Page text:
Today I’ll share Carolyn H’s treasures. First, though, some photos of Carolyn’s protegees. She’s evangelizing bobbin lace, and encouraging newbies to try. My daughter Lilia is only too happy to learn, and this is actually the second time Carolyn has helped her to make lace. I think bobbin lace tools and materials will be coming to our house soon.
Norma also did some, but we didn’t get a photo. And here’s Carli making some lace too. Wendy was jokingly teasing Carli about getting back to real work, and Carolyn was threatening to convert all the embroiderers. That’s Cheryl in the background, stitching detached butterfly wings on the cozy couch.
Carolyn brought some beautiful and poignant treasures to share. Here she is with a lace fan that she made and that her late daughter carried at her wedding. Behind her you can see one of the pieces of the jacket that was retired from service this weekend; nothing remains to do on it except the gold work and the bird.
Here’s a lovely piece of lace with a ladybug motif.
Carolyn introduced us to the joy of collecting bobbins. Apparently there are many different kinds of bobbin lace and each kind or style has a different kind of bobbins. We all know that the toys I mean tools are at least half the fun of a needlework technique.
Some have beads (called spangles, just to make things confusing with the teardrop shaped metal tags), some are made of hollow glass, some are beautiful exotic wood, you get the idea. Here are few in my hand, the left hand one is possibly what bobbins looked like in the early 17th century. As Carolyn said, there’s really very little evidence to go on.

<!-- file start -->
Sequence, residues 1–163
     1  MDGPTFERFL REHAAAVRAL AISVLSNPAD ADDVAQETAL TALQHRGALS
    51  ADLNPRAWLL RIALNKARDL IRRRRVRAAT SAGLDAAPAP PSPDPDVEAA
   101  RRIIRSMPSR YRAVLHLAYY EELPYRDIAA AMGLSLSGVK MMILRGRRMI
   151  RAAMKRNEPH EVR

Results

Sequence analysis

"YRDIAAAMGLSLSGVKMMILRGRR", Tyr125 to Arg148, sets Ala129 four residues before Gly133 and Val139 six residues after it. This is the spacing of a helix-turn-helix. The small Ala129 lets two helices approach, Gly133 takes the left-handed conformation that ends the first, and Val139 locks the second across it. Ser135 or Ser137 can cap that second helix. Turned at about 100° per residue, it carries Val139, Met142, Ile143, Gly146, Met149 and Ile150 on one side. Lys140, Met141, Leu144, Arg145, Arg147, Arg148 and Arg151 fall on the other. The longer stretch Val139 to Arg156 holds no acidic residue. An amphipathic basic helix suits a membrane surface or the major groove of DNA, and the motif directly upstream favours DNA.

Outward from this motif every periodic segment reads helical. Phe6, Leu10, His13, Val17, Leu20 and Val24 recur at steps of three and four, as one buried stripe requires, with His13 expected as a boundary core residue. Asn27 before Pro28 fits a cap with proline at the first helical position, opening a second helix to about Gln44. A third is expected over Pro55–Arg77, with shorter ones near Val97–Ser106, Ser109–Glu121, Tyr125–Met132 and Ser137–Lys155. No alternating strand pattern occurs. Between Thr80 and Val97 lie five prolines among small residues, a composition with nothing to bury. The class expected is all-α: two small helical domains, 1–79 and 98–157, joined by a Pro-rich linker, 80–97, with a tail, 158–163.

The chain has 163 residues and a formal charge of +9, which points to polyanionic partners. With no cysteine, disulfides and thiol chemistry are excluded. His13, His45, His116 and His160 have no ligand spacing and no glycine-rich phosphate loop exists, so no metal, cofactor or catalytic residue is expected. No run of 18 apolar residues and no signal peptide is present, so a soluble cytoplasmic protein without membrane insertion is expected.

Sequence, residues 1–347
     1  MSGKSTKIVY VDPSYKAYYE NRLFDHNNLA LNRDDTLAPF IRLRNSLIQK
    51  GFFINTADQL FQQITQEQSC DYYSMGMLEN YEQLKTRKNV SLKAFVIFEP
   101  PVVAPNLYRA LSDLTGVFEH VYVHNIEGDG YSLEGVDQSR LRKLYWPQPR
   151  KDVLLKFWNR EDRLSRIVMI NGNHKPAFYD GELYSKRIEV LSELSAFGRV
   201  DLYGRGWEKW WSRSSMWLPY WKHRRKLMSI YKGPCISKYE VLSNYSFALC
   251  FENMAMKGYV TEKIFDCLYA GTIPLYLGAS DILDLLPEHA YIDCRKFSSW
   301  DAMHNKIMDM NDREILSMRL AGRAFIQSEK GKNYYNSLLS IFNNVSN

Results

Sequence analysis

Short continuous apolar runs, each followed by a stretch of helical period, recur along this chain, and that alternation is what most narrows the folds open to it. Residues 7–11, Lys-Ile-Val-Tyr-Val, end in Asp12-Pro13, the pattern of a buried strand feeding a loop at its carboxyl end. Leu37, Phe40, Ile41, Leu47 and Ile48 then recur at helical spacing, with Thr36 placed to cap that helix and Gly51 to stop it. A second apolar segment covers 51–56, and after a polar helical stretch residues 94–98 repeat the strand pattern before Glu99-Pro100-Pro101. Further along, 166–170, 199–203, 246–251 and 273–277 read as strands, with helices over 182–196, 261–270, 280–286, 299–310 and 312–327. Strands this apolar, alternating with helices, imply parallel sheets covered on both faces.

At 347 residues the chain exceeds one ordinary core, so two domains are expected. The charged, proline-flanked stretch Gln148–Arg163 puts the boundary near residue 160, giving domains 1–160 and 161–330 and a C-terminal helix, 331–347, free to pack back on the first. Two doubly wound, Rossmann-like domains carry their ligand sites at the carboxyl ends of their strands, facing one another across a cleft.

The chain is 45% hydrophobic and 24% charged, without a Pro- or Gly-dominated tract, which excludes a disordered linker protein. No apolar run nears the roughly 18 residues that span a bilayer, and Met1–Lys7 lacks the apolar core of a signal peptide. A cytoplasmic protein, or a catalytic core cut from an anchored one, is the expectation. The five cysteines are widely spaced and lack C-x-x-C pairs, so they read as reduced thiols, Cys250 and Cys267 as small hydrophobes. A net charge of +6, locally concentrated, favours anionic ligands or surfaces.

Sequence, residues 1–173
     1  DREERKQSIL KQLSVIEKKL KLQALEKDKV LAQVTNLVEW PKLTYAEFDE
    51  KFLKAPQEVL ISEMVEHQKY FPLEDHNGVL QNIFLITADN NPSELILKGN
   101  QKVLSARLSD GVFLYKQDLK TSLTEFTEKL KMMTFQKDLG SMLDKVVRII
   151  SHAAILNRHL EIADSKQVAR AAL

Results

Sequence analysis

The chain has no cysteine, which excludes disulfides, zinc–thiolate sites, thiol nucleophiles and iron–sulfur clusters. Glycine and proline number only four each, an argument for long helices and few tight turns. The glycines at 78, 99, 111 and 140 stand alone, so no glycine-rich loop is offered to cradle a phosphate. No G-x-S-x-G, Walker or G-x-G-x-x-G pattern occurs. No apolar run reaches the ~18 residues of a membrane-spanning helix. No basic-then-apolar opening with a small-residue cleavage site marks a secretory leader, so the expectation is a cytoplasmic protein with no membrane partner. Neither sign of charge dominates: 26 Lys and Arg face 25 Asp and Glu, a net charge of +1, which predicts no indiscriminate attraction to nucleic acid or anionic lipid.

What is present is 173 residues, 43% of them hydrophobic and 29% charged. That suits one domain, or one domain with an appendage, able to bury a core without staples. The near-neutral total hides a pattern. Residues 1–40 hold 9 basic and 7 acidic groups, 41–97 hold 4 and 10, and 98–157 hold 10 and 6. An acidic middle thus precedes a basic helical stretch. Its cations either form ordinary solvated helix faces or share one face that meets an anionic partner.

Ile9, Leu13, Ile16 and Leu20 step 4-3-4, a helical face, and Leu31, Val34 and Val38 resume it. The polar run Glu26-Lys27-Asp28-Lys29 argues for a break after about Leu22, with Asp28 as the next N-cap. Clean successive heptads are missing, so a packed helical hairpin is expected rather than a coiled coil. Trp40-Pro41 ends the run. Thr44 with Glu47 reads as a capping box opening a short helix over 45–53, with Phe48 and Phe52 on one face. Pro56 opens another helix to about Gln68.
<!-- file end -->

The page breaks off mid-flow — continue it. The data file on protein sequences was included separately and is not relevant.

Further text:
This is possibly the most precious needlework ever. Carolyn’s daughter, who passed away about four years ago, started this piece. Carolyn was nervous about working on it because, as she said, it was very different from anything I’d ever done before. But I managed, OK, I think. She’s too modest. I couldn’t tell where Caroline left off and Carolyn picked it up. What a beautiful gift to her daughter’s memory, to finish this piece despite being nervous about the techniques. I was so glad she brought it to share.
Carolyn brought a present for the Wardrobe Department today. She gave us a copy of Le Pompe, 1559: Patterns for Venetian bobbin lace by Santina Levey and Patricia Payne. When we’re done with the jacket lace, which is getting closer and closer; already 80 inches of the “long piece,” both wings, and almost all of one cuff are completed, she’s planning to turn her attention to some simple white lace for the period clothing of our interpreters. This book will help.